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Theresa May used her keynote speech at the Conservative Party Conference to call upon housebuilders to do their bit in tackling the country’s housing crisis.

Having pledged an extra £2bn of government money for local authorities across the UK to build more affordable homes, the PM said housebuilders “must do your duty to Britain and build the houses we need”.

In a speech beset with problems – P45 pranksters, coughing fits and falling ‘Fs’ – this was May’s Lord Kitchener moment.

Standing in front of the slogan ‘Building a better future that works for everyone’, she said: “For 30 or 40 years we simply haven’t built enough homes. And that’s been a disaster for young people.

“Today I can announce an extra £2bn funding for affordable housing, taking this government’s total affordable housing budget to almost £9bn. We will encourage councils, as well as housing associations, to bid for this money.

“And for those areas where the housing need is most acute, we are getting government involved in housebuilding again. We will build a new generation of council houses to fix the broken housing market.

“To housebuilders, we the government will make sure the land is available, in return you must do your duty to Britain and build the houses we need.”

But where is the land going to come from? One proposed plan is to use publicly-owned land, while another option would be to compulsory purchase privately-owned land.

Furthermore, commercial developers would be ordered to hit tough new targets to build affordable homes at a faster rate.

Overall, the reaction to the Conservatives’ plans has been largely positive. Everyone recognises that there is a desperate need to build more homes in the UK and any measures to enable this to happen should be welcomed.

But before we get carried away, let’s not forget that successive governments have tried and failed at fixing the housing problem.

Ten years ago, the Barker Review of Housing Supply suggested that around 250,000 homes needed to be built every year to prevent spiralling house prices and a shortage of affordable homes. In 2014, just over half (141,000) that figure was achieved.

In 2015, the government commissioned Natalie Elphicke and Keith House to publish a report on the role of councils in housing supply. The report suggested that councils should be responsible for making sure there are enough homes for their residents.

However, just as Mrs May is suggesting today, even back then it was recognised that for all the good councils can and should be doing to deliver new housing, they must be supported by the private sector.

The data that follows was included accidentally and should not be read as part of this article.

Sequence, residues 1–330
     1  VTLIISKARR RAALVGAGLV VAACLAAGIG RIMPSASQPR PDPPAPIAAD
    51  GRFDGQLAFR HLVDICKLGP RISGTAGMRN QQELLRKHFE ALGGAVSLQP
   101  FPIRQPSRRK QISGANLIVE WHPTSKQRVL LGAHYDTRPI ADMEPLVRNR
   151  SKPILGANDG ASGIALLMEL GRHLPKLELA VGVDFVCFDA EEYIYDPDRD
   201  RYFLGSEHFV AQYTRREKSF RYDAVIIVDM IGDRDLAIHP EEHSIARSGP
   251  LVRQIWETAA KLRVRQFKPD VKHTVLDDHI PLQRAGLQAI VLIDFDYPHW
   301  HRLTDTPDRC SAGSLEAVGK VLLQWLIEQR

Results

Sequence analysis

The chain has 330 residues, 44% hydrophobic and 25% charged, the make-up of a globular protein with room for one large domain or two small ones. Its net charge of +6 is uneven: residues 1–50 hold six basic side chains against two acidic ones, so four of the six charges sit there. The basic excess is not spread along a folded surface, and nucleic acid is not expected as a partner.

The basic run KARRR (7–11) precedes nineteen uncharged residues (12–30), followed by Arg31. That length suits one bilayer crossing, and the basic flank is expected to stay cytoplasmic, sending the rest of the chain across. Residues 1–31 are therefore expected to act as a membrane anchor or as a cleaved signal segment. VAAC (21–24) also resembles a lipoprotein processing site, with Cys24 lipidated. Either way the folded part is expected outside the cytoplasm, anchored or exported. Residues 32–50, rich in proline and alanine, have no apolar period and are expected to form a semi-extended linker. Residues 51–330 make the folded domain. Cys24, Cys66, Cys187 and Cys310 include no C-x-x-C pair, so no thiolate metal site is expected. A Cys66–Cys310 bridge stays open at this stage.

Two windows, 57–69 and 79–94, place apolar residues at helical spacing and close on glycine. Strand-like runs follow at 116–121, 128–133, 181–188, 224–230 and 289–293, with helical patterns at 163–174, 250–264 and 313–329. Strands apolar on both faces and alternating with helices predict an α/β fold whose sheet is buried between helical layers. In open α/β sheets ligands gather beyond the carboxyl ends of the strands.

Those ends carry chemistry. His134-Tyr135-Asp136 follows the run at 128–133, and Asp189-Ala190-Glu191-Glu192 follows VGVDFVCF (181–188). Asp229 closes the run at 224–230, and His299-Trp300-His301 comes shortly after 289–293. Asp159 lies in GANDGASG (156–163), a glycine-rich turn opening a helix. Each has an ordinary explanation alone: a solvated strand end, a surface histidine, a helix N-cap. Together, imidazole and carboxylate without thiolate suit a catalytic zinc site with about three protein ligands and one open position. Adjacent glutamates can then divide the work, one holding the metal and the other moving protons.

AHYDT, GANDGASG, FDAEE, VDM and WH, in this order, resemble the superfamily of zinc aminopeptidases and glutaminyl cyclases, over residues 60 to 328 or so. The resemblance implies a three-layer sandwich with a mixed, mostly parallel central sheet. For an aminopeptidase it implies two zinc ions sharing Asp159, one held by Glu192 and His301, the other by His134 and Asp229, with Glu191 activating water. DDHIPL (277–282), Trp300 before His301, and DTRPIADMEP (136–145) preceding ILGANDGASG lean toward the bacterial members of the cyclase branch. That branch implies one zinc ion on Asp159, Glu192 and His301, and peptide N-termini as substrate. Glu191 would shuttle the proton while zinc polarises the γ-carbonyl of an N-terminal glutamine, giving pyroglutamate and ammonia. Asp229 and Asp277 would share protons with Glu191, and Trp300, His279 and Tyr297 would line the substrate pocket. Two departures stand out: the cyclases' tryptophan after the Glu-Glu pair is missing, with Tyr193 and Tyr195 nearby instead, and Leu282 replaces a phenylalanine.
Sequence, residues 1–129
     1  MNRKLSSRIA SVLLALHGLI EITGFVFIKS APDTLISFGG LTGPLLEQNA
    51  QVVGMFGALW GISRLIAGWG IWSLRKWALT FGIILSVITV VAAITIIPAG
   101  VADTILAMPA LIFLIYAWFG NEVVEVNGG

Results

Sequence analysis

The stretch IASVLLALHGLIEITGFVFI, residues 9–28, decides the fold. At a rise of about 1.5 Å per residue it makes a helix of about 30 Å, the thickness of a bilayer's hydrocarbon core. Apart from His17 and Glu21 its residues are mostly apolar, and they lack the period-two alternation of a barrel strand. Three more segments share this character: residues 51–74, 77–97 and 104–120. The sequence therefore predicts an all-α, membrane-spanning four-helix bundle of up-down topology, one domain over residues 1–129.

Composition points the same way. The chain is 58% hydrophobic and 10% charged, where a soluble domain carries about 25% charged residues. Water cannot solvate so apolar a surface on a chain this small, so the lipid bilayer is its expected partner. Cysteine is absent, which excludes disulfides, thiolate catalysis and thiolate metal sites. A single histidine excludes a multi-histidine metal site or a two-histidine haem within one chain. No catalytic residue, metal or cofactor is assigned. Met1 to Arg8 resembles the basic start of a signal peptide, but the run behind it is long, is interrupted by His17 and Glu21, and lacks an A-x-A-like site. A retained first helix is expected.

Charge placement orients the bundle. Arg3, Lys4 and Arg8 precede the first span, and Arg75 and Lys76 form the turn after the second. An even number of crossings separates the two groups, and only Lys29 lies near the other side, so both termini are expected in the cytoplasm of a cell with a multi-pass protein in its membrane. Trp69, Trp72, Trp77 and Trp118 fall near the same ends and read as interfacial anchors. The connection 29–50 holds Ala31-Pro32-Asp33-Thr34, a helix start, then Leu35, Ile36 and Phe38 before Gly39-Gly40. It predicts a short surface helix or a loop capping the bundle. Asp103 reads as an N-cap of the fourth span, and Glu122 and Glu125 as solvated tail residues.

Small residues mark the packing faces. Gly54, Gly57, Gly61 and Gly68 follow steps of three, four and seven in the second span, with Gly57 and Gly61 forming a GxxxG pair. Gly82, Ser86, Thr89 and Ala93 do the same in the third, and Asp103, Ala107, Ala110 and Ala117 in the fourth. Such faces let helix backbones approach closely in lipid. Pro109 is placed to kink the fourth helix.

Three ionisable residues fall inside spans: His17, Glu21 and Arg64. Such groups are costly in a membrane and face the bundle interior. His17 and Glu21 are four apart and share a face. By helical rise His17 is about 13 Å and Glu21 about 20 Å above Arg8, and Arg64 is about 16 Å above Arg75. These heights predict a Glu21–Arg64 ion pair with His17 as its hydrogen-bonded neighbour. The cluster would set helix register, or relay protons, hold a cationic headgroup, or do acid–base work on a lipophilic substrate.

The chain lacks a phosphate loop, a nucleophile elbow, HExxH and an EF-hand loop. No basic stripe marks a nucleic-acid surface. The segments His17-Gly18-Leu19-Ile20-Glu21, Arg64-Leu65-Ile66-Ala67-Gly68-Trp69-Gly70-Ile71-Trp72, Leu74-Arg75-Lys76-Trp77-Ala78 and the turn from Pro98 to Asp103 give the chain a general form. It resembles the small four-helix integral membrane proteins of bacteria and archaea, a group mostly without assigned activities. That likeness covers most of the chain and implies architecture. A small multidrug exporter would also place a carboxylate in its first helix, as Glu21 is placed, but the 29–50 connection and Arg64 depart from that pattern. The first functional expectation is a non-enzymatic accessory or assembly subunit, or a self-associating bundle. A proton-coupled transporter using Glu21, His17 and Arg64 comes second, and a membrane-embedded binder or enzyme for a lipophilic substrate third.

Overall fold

The report states: “While councils should be leading the housing revolution, they can’t do it all by themselves. Councils are at their best when working with others to assess, shape and deliver for the needs of their communities.”

This is a key point. As a country, if we are going to deliver enough new homes to meet current and future demand, both the public and private sector need to work more closely together.

For example, the government could provide additional funds to improve the delivery of privately owned brownfield sites through increased public sector intervention and joint ventures with the private sector and institutional funds.

The public sector would undertake greater levels of investment and intervention in access, public transport, public realm, remediation, education and access to speed up the delivery of currently undeliverable sites and in doing so encourage investment from the private sector into areas and sites that are currently no-go areas.

Albeit a hot potato, releasing greenfield land for development is another key factor in the future deliverability of new homes, as is the simplification of the planning system, which is still too slow, bureaucratic and expensive.

And then, of course, there is the thorny issue of if all the available land is being used for housing, where is the employment land going to come from? That’s a separate debate altogether.

Theresa May said she will dedicate her premiership to fixing the housing problem. I hope for all our sakes that she succeeds.

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